An Excerpt from the July 2012 Bulletin of the
International Association of Emergency Managers (IAEM)
Here’s a plain text version as well:
Everything you wanted to know about CMAS but were afraid to ask…
By Matt May and Todd Jasper
Commercial Mobile Altering System (CMAS) has been 10 years in development as an additional key part of the emergency alerting and warning system that already includes Emergency Alerting System, weather radio, phone notification systems, and outdoor warning sirens. The concept behind CMAS is that in an emergency, a 90-character text message can be sent at no cost to all cellphones connected to a pre-defined number of cellphone towers. Since many households have now chosen to use cellphones rather than a landline phone, CMAS fills the gap by sending geographically-specific messages to all mobile phones in a region.
As noted in the Bulletin article from May 2012, local and state jurisdictions can use the system as an additional element of their local warning systems. It can be particularly helpful in reaching the general public quickly–including those with no hardwired phone or when outdoors.
Since CMAS requires jurisdictions to use an IPAWS integrator, the use of CMAS will vary by jurisdiction. The investment in a system, such as online software that is compliant with the Common Alerting Protocol (CAP) standard, can be substantial. There are standalone systems as well as several of the popular crisis management tools that integrate a CMAS/IPAWS initiator into their systems–but all at a cost.
Two unique issues are the very short message length coupled with the very broad reach–including recipients who are not local residents. Emergency managers and PIOs are likely to find it challenging to condense emergency guidance down to the 90-character (not words) limitation without redacting critical elements of the warning. It will take practice to draft CMAS messages. To improve efficacy, emergency managers and PIOs should consider employing pre-scripted messages in order to deliver the best message effectively in 90 characters.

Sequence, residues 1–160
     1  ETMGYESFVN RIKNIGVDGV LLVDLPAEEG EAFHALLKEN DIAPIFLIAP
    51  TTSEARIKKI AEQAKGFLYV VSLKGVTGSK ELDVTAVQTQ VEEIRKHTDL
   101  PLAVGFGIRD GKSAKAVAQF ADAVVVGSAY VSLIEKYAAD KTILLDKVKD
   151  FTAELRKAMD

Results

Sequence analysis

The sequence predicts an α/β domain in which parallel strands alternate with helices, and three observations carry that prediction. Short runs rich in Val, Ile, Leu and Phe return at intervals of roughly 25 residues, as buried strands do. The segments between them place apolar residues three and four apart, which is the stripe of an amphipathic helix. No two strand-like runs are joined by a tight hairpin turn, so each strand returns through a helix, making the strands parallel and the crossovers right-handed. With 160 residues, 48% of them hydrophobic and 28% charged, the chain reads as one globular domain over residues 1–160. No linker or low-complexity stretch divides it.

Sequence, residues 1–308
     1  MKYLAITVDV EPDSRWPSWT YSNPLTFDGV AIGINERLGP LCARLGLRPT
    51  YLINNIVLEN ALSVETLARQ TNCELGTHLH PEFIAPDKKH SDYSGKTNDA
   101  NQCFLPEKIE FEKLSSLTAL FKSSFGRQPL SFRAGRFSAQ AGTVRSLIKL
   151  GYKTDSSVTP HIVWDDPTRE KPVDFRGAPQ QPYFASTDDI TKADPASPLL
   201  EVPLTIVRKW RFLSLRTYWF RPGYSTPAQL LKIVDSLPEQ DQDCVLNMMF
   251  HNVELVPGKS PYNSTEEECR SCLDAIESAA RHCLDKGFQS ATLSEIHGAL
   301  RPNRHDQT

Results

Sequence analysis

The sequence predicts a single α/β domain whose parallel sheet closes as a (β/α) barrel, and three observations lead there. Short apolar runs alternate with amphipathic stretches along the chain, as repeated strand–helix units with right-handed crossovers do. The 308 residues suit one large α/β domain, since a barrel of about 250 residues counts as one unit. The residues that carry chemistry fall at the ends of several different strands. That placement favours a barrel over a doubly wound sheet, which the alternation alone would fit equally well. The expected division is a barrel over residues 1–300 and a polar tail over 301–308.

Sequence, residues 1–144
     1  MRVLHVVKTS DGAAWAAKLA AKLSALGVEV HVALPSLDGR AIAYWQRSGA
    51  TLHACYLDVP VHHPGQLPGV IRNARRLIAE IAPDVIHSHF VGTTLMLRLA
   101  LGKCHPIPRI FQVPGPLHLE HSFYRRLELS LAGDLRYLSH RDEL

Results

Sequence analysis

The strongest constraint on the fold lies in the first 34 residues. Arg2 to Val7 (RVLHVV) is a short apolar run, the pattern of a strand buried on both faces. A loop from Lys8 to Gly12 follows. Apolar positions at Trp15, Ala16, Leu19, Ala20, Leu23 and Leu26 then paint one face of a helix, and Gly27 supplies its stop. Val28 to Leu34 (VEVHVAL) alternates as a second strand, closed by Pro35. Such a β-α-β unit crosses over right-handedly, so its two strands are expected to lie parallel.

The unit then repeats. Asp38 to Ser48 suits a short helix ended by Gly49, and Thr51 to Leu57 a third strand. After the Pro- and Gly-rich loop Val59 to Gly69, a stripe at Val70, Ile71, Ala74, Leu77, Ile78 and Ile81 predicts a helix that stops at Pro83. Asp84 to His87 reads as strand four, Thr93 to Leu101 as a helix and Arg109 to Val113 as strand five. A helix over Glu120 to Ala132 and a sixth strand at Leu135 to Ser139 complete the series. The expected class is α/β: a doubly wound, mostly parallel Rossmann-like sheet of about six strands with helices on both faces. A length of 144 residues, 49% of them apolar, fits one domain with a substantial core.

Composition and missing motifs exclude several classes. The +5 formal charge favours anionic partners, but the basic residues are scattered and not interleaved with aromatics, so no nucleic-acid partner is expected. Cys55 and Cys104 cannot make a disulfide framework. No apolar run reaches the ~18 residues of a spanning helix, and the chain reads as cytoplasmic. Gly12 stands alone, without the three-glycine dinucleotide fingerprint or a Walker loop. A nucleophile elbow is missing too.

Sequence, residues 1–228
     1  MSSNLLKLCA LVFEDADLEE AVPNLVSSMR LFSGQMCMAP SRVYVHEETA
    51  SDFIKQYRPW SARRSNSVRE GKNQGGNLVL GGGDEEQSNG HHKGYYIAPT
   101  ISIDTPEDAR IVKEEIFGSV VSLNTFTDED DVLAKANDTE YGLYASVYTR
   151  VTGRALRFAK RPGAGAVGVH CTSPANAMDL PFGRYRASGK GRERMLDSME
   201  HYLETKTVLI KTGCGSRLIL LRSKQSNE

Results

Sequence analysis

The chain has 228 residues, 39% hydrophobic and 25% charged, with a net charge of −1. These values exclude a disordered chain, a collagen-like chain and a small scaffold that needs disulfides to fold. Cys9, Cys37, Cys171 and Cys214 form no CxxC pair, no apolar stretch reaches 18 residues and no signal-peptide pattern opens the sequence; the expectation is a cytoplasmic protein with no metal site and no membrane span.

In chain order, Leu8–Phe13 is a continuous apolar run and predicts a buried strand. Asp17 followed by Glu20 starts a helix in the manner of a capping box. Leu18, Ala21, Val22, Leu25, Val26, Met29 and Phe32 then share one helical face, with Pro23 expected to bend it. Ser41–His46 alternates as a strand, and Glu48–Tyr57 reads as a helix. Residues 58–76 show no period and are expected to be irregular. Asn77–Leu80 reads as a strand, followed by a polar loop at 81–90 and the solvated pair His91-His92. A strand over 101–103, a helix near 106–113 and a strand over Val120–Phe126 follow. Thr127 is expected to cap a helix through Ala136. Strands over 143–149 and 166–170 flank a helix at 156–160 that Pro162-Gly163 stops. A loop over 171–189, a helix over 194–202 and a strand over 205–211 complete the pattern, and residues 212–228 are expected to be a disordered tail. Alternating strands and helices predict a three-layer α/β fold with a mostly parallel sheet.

Additionally, state and local EAS and notification plans will require a significant rewrite to address the use of CMAS.
Unfortunately, there is no national public education campaign to inform the public about CMAS messages and what to expect. Since currently less than 10% of cell phone devices are able to receive CMAS messages, there is likely to be some confusion when a CMAS message is sent but only a few phones in a room receive the message.
In the Kansas City region, the regional EM committee and the regional PIO committee have developed a press release and flyer that can be used to educate the public. The press releases can be found at http://www.preparemetrokc.org/wea.asp.
Due to the location of cell phone towers, it is likely that warnings will be received by unintended cellphones based on geography and warning type–which might prompt public frustration with CMAS. Since it is possible for the public to opt out of receiving CMAS messages, it is incumbent upon local emergency managers and regional outreach efforts to encourage CMAS participation. Through the use of outreach, the public needs to be made to understand the benefits of CMAS and that the system will be refined over time to increase the accuracy of the reach of messaging.
While there are implementation issues with any emerging technology, the CMAS program is a welcome addition to the emergency management and public warning field. With a good public education campaign and by encouraging local emergency managers to develop emergency notification protocols with pre-scripted messages, CMAS will no doubt become a trusted tool.